What to Read Next
How leaders communicate during a crisis can dissipate employee anxiety and help teams become more connected and productive. Nancy Duarte presents five communication techniques to build trust with, connect with, and motivate employees during high-pressure times.
Accept it? Find a distraction? We can’t overcome rational fears borne of a global pandemic using either technique alone, but a combination of these strategies can help us get through distressing times. Behavioral scientist Matt Wallaert discusses two recent studies and explains how to apply their findings to get through the chaos in a healthy way.
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Companies seeking to distinguish themselves from the competition can “wrap” their products with data analytics features and experiences that increase profitability and delight customers. Four design characteristics make data wrapping unique.
Powering AI operations at scale requires a huge amount of electricity and results in significant carbon emissions. A recent paper published by MIT researchers outlines the “once-for-all” network — a new method for training and running a neural network that produces a tiny fraction of the carbon emissions generated by the techniques typically used today.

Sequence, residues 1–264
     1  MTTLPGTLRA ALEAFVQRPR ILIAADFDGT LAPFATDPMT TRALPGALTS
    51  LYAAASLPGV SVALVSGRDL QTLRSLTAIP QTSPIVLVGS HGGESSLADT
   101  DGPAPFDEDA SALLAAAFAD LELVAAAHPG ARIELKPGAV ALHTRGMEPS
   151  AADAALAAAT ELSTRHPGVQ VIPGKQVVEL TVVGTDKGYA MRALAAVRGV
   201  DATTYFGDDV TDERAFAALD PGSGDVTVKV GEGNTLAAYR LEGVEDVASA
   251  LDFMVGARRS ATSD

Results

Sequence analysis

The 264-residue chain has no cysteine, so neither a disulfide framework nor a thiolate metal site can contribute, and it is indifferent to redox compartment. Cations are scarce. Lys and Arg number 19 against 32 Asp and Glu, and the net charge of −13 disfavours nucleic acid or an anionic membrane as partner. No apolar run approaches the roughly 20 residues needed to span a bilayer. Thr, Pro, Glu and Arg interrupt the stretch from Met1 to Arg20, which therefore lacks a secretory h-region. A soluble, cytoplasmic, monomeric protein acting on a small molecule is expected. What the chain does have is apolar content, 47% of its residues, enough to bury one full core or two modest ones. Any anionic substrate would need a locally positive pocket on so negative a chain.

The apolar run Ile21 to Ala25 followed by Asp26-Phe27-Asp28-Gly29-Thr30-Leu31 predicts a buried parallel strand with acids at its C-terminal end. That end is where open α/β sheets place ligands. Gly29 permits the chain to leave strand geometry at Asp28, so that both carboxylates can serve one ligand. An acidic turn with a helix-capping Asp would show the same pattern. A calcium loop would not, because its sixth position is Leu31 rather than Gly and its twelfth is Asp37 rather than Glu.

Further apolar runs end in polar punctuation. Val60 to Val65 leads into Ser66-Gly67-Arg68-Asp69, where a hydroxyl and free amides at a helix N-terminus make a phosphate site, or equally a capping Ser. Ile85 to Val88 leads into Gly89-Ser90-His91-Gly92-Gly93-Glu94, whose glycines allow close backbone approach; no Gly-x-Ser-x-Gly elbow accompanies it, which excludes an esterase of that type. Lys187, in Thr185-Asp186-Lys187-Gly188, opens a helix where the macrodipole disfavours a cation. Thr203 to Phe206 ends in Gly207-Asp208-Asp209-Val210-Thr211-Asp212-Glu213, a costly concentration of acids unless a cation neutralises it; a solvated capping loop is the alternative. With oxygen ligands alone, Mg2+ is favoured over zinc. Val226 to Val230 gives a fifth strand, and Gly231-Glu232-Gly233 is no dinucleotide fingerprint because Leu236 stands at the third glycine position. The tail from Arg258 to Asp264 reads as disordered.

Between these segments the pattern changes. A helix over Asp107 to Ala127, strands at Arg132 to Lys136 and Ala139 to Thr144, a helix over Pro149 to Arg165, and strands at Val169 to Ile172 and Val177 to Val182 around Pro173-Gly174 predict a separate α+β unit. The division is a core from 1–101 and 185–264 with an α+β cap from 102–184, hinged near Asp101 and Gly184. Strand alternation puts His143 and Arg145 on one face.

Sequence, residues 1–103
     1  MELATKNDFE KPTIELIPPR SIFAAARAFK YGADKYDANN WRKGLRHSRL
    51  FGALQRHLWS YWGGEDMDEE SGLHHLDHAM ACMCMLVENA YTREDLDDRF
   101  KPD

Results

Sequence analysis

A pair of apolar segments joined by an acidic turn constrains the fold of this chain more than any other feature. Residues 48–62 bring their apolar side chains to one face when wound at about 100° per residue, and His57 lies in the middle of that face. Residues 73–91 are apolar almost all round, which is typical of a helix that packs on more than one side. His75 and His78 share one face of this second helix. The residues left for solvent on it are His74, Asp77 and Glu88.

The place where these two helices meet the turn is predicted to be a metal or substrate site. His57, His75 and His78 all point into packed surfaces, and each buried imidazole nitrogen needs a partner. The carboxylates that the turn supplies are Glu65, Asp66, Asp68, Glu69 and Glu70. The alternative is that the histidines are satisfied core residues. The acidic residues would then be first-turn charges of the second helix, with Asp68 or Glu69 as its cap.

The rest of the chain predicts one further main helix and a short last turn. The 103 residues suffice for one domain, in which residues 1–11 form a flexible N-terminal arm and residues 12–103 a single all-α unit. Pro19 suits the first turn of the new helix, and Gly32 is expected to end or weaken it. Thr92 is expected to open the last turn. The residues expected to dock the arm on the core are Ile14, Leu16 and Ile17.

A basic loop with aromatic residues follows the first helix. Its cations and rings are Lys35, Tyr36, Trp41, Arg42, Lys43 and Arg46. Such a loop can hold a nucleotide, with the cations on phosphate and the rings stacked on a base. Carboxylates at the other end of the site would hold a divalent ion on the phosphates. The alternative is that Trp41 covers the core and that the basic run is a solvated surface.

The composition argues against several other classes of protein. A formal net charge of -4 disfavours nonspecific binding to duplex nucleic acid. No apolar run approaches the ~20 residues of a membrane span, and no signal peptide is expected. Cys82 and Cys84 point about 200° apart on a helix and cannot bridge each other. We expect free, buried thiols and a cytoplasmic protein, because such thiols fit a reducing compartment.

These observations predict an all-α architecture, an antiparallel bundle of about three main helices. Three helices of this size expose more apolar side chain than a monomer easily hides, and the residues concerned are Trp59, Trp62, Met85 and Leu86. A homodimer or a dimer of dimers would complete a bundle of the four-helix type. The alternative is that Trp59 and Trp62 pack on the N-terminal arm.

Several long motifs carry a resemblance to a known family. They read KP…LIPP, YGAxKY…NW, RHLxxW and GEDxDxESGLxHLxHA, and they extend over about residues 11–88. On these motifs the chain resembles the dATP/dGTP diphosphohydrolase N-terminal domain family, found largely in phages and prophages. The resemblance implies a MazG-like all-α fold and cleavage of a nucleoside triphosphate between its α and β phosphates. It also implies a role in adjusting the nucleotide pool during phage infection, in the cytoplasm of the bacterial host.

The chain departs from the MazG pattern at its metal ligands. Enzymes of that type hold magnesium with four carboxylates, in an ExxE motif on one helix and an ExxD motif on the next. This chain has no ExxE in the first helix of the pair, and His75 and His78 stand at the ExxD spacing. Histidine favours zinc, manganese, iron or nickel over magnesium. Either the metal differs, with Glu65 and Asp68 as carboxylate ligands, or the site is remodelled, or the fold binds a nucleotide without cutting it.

Computer scientists often play the lead role in AI development, but systems that actually get the job done are built by better-rounded teams with a diversity of expertise. English and other humanities majors contribute a valuable perspective, but “hire English majors” is too generic to be useful advice. Joseph Byrum details how managers can hire, train, and integrate diverse thinkers into AI teams.
What Else We’re Reading This Week:
- The kinetic leader: Deloitte presents new findings from its 2020 Global Technology Leadership Study
- To best support employees, lead with “we” and “us”
- Why it’s important to ignore “productivity propaganda”
Quote of the Week:
“In these anxious times, when loss is all around, leaders must do more than peddle the illusion that putting up a fight with tips and tech — the ammunition of the virtual workplace — will eventually bring us back to normal.… We can’t fight our way back to normal right now.”
— Gianpiero Petriglieri, associate professor of organizational behavior at INSEAD, in “Your People Need Care, Not a Battle Cry”